Since the AIDS epidemic reared its head in the 1980s, the nature of this disease has quickly evolved from a devastatingly debilitating disease to one of chronicity. These patients are requesting for and are entitled to the optimal restorative treatment plans, many of which include dental endosteal implants. Several authors have delved into the realm of implantology in the HIV-positive patient, but there is only one study specifically for the AIDS patient (CD4 count <200 cells/μL), though patients were followed up for 6 months only [6]. The two criteria generally used to ascertain the immunological status and disease progression of the HIV-positive patient are (1) viral load and (2) CD4 count. Viral load although controversial in its ability to quantify disease progression is stratified as high (5000–10,000 copies/mL), low (200–500 copies/mL), and as a treatment goal to be less than 50 copies/mL. The CD4 count has become the mainstay to our infectious disease colleagues to tailor the medicinal regiment of the HIV-positive and AIDS patient. The prophylactic medications administered are based upon the particular range of the CD4 count. This value is used as a window to predict the type of organisms the patient is susceptible to. We stratified our study population by these means in an effort to note any such trends.

As the HIV-positive patient reaches the low end of CD4 spectrum and manifests AIDS, this puts the patient in a further immunocompromised state, opening the doors to a multitude of opportunistic infections and neoplasia. One may erroneously hesitate to offer this patient the full scope of dental restorative options because of lack of awareness. Intuitively, one may expect this person to be more prone to infection, possessing a poorer quality of bone and compromised healing from surgery. These concerns may lead the dental surgeon to favor non-surgical restorations, prophylactic antibiotics, and a lower expectation of success if implants are to be placed.

Generally speaking, the use of antibiotics in dental implantology has been controversial. Amongst the reasons for early (preloading) implant failure are bacterial contamination, systemic disease, chemotherapy, overheating of bone, poor recipient site bone quality, and poor bone to implant contact upon surgery. After the prosthetic phase of the implant restoration, loading forces exceeding the bone to implant interface is an additional cause of early failure. Prophylactic antibiotics are shown to reduce dental implant failure but do not have much influence on post-operative infections [7]. The organisms most responsible for infections associated with the failing implant in a “healthy” patient are predominantly Gram-negative anaerobic rods [8].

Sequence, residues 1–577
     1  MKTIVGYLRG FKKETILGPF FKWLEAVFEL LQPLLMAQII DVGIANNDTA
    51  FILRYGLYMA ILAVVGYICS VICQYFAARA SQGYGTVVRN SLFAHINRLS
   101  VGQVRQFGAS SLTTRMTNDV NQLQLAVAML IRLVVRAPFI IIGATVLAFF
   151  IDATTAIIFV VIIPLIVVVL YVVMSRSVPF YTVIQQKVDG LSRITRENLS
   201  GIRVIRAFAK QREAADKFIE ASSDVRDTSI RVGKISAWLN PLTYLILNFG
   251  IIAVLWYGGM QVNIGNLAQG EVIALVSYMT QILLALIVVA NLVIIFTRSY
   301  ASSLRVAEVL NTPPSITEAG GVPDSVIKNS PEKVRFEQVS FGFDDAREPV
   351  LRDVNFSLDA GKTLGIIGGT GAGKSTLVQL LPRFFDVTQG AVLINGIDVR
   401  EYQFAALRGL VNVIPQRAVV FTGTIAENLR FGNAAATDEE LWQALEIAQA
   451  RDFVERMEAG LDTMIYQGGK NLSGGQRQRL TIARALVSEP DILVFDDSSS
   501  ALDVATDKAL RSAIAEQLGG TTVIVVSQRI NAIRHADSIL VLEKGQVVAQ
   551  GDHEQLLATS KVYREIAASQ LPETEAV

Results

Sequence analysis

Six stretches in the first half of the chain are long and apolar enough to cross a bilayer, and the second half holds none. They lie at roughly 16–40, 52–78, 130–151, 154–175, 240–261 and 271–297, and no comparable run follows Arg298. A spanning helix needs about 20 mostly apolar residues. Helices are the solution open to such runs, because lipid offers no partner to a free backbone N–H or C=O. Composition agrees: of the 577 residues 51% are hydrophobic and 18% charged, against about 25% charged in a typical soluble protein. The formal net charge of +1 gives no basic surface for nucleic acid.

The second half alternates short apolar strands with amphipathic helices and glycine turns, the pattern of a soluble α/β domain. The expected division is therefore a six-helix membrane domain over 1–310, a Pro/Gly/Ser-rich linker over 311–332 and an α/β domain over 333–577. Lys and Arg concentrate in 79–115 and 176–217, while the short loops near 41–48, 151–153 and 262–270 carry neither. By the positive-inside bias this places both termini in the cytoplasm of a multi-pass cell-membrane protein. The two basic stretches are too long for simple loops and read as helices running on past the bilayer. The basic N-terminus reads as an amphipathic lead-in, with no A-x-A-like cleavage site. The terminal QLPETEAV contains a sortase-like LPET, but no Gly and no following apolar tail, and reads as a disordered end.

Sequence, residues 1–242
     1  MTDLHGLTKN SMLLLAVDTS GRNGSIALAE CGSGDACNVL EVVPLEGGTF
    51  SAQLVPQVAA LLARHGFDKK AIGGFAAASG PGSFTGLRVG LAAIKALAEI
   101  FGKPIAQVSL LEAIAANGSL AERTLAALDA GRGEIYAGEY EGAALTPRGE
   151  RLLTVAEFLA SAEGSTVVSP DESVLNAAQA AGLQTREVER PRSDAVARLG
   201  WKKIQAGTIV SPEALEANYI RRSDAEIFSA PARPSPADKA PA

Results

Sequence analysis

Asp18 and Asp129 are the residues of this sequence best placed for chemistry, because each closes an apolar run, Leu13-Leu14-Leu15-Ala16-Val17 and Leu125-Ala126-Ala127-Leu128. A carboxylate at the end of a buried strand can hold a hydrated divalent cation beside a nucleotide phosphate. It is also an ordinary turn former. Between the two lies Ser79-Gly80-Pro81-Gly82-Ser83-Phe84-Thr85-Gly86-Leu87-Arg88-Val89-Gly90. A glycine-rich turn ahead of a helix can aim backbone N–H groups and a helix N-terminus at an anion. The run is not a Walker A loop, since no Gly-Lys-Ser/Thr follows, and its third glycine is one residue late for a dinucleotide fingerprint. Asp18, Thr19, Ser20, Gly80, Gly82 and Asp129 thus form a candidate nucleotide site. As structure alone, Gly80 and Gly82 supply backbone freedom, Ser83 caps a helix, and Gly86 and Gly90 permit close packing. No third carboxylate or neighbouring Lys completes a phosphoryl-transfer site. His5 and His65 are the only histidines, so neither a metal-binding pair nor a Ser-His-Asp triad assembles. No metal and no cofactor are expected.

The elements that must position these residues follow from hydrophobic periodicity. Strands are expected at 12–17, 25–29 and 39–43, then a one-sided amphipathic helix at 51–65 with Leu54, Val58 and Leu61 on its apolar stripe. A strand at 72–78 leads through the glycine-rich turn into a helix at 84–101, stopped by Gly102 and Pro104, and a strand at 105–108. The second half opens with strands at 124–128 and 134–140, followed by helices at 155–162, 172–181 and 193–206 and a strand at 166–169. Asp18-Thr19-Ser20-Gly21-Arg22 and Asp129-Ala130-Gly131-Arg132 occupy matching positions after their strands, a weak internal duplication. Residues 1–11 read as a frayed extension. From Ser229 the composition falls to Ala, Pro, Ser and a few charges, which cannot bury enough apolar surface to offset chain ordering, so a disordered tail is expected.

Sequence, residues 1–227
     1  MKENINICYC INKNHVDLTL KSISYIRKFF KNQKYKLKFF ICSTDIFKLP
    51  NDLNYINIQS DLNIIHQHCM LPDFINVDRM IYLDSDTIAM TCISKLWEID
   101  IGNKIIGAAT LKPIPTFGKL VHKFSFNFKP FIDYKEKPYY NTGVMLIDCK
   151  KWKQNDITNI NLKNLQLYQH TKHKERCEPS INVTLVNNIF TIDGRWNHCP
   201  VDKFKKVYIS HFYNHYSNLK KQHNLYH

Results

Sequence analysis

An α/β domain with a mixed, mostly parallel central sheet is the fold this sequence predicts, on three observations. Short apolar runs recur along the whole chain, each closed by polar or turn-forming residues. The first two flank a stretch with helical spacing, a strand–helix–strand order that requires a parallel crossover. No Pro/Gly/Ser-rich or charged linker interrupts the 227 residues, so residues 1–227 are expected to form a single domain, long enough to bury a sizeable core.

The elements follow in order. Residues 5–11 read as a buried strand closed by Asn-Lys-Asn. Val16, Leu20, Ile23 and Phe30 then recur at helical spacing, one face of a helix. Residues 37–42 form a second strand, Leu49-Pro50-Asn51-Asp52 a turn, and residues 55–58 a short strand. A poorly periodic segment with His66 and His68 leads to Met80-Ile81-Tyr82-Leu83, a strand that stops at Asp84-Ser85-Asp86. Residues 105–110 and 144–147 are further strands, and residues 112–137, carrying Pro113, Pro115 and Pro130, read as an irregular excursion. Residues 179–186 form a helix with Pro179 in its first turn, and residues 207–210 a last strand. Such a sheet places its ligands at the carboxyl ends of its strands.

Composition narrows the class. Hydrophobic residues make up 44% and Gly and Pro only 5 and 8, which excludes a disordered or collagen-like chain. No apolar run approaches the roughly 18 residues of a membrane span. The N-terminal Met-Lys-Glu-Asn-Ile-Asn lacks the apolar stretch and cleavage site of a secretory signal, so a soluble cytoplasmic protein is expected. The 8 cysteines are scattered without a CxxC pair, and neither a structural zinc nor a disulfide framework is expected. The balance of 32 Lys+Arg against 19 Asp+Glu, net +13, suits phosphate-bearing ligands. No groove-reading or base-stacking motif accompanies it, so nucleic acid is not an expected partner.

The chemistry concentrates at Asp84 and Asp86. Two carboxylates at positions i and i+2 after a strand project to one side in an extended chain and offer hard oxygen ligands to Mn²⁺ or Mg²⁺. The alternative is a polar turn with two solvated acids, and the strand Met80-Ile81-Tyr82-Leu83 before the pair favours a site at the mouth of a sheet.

Anecdotally, many practitioners have decided to administer prophylactic antibiotics to all of their patients receiving endosteal implants while others have taken a more conservative approach. A survey of 102 periodontists revealed that >50 % prescribe antibiotics in 10 specific periodontal or implant-related clinical circumstances [9]. A metaanalysis of patients HIV positive and with AIDS revealed no evidence of increased risk of complications associated with dental procedures [4].

HIV causes systemic infection with diverse multi-organ system manifestation, musculoskeletal symptoms often being the first clinical indication of the presence of disease. Habermann et al. in a study of 41 patients noted an increased infection rate of 12.7 % in HIV-positive hemophiliacs and non-hemophiliacs undergoing total joint arthroplasty. They also reported that there was no difference in functional outcomes in non-hemophilic HIV-positive and HIV-negative population after the surgery [10]. Supporting the above findings, a retrospective analysis of patients from 2003 to 2010 showed that none with CD4 indicative of AIDS at the time of total joint replacement developed implant infection [11].

In HIV-infected patients, CD4 count and albumin levels negatively correlate with incidence of post-operative sepsis, whereas surgical infections and previous major surgical procedures positively correlated with the incidence of post-operative sepsis [12]. Thirty-five HIV-infected patients undergoing abdominal operations with pre-operative CD4 <200 or CD4/CD8 ratio <0.15 had overall higher post-operative sepsis morbidity [13].

Regarding dental procedures, a retrospective cross-sectional study of 101 HIV patients was done from 2003 to 2005. Complication rate was found to be 2.2 % overall and 4.8 % after invasive dental procedures. No relationship was found between complications and immunological values [14]. Another study examining healing response after surgical crown lengthening in 21 patients with HIV was analyzed, and none had post-operative complications like delayed healing, infection, or prolonged bleeding [15].

In summary, our study indicated that dental endosteal implants placed in a population of AIDS patients under good surgical and prosthetic planning and surgical technique have no significant difference in failure rate than those placed in healthy patients. Therefore, this restoration should be made available to HIV-seropositive patients, including those patients meeting the criteria for an AIDS diagnosis. The success of the implants appears to be independent of CD4 count.